The New Apprentice: President Trump’s EO Says “You’re Hired”
In keeping with his pledge to promote high-paying jobs, President Donald J. Trump signed an executive order, “Expanding Apprenticeships in America,” on June 15, 2017. With a goal to equip workers with the skills to fill existing and new jobs as well as jobs of the future in our rapidly changing economy, this executive order also acknowledges that our educational systems and our workforce development programs are not effective and in need of reform. The wide-ranging executive order is designed to expand apprenticeships and promote effective workforce development programs while identifying ones that do not work in order to better utilize taxpayer resources.
In order to achieve these goals, the president charges the Secretary of Labor—in consultation with the Secretaries of Commerce and Education—to consider proposing regulations “that promote the development of apprenticeship programs by third parties.” Such eligible third parties could include companies, unions, joint labor-management organizations, trade and industry groups, and non-profit entities.
The regulations would undergo the notice-and-comment process in order to consider whether to:
determine how qualified third parties can recognize high-quality apprenticeship programs;
establish guidelines that such qualified third parties must or should follow to ensure that the recognized apprenticeship programs meet quality standards;
provide that an industry-recognized apprenticeship program may be eligible for expedited and streamlined registration under the Labor Department’s registered apprenticeship program;
retain existing procedures to register apprenticeship programs for employers that continue to use the system; and
establish review processes that consider whether to: (1) deny expedited and streamlined registration in a sector in which existing apprenticeship programs are effective already; and (2) terminate the registration of an industry-recognized apprenticeship program recognized by a qualified third party, where appropriate.
Promoting Apprenticeship Programs
The executive order also charges the Secretaries of Defense, Labor, and Education and the Attorney General to promote apprenticeship and pre-apprenticeship programs for several groups including high school students, persons currently or formerly incarcerated, and members of the country’s armed forces and veterans. It directs the Commerce and Labor Secretaries to promote apprenticeships among business leaders in various and critical industry sectors, including cybersecurity, health care, infrastructure, and manufacturing while the Education Secretary is directed to support community colleges and two- and four-year higher education institutions as they incorporate apprenticeship programs into their curricula.
Task Force on Apprenticeship Expansion
The order creates a Department of Labor Task Force on Apprenticeship Expansion and designates the Secretary of Labor as Chair and the secretaries of Commerce and Education as Vice-Chairs. This task force will number no more than 20 individuals who will represent companies, educational institutions, labor unions, and trade or industry groups as well as other designees by the Secretary of Labor. The mission of the task force is “to identify strategies and proposals to promote apprenticeships, especially in sectors where apprenticeship programs are insufficient.” It will submit a report to the president on initiatives to promote apprenticeships, legislative and administrative reforms that would promote their formation and success, best practices for creating industry-recognized apprenticeship programs, and effective strategies for promoting private sector initiatives in support of apprenticeships.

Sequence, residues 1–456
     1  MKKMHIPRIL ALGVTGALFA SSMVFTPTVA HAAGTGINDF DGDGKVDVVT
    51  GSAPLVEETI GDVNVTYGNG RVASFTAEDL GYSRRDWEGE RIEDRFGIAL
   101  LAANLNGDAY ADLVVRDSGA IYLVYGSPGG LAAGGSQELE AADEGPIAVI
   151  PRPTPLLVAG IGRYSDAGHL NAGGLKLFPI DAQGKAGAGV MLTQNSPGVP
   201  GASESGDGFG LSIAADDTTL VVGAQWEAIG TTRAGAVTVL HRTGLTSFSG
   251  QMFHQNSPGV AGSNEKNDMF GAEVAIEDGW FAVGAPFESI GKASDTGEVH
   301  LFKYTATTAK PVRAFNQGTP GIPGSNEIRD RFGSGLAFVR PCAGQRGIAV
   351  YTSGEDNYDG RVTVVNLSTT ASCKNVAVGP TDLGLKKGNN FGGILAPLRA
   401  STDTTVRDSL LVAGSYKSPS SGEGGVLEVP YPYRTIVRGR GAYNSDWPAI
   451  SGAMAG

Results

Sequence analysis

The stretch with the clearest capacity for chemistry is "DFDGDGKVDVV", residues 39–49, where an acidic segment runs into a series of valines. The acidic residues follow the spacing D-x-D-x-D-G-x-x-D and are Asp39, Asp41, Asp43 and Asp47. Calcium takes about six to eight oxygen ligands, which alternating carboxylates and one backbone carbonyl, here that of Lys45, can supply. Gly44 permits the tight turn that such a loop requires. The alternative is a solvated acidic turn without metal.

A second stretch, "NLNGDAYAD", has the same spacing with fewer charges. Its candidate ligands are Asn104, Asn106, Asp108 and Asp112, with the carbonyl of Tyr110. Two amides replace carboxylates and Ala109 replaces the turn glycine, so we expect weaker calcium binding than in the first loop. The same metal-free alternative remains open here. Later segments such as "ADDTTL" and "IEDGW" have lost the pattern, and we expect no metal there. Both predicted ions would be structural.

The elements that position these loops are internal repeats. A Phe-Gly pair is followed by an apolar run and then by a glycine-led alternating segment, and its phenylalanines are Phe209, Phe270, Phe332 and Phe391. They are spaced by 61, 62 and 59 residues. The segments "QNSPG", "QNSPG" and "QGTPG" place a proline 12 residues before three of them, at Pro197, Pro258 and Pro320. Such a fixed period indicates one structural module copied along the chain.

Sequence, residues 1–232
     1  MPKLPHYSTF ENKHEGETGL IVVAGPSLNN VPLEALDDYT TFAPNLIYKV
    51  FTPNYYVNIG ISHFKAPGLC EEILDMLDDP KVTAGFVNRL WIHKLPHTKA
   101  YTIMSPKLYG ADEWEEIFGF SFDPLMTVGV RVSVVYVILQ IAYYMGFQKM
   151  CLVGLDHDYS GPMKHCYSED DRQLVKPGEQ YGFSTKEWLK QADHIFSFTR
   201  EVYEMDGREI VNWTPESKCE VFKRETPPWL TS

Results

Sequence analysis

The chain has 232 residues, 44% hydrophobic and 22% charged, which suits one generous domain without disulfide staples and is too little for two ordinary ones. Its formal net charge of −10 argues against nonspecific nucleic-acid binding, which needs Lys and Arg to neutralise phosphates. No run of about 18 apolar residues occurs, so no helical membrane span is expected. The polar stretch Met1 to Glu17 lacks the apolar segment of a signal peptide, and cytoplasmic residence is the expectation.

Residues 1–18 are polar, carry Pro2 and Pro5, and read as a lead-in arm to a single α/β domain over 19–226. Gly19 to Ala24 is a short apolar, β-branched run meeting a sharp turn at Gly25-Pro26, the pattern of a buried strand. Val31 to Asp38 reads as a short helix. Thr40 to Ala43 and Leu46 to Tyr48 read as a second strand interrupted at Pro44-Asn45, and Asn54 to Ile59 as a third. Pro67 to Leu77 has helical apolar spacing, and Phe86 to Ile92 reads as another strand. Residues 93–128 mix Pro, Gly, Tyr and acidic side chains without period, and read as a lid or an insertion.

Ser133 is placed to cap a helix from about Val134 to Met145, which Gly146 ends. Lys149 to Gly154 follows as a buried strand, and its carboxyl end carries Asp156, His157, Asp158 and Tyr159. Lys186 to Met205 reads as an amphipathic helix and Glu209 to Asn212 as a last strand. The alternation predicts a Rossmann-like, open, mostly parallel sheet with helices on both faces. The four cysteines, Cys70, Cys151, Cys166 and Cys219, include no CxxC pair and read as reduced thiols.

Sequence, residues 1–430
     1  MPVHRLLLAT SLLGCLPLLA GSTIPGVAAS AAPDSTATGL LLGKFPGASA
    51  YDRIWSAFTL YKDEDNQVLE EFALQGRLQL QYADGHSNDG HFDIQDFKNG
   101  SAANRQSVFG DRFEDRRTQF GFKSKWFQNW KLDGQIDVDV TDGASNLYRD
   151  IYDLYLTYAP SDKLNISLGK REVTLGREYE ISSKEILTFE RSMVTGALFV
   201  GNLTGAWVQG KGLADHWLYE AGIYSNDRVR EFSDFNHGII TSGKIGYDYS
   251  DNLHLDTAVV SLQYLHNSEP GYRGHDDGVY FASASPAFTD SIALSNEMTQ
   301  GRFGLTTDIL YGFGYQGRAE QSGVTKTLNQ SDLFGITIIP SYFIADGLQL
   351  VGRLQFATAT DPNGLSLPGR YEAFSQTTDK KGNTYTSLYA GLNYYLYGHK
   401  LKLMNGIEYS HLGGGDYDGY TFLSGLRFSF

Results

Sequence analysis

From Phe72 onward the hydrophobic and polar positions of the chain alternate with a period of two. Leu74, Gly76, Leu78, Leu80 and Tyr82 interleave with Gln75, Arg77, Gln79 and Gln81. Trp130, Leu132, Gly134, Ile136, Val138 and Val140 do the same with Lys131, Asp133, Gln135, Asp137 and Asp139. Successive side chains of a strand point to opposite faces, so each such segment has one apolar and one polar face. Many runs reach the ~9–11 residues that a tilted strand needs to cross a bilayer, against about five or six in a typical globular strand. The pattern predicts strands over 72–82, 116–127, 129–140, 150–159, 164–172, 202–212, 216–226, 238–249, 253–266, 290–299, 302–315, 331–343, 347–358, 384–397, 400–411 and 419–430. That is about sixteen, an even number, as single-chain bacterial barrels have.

Excellence in Apprenticeship Program
In addition, the executive order directs the Secretary of Labor, in conjunction with the secretaries of Commerce and Education, to establish an Excellence in Apprenticeship Program within two years of the date of the order. This Excellence in Apprenticeship Program will seek information to recognize and commend efforts by a variety of entities to establish apprenticeship programs.
Finally, the order directs agency heads to report to the Office of Management and Budget (OMB) any programs that their agency administers that promote workplace readiness and work skills. These agencies are to provide certain information about and evaluate the effectiveness of such programs. The goal is to promote programs that improve workplace readiness and skills development and to eliminate ineffective and redundant ones.
The Order’s Objectives
The president’s stated goal is to improve the readiness and employability of U.S. workers and to better match unemployed U.S. workers with open job opportunities, especially in the 350,000 manufacturing jobs that are currently unfilled. While the executive order will take time to fully implement, it reflects the Trump administration’s emphasis on expanding job opportunities for all workers, especially middle class jobs, while channeling taxpayer dollars into effective and successful apprenticeship and job training programs.
Another objective is to give these third parties greater flexibility in developing apprenticeship programs that meet industries’ workforce needs. The current apprenticeship regulations are complicated and prescriptive so it is anticipated that new Labor Department regulations would be more streamlined and beneficial for all participants.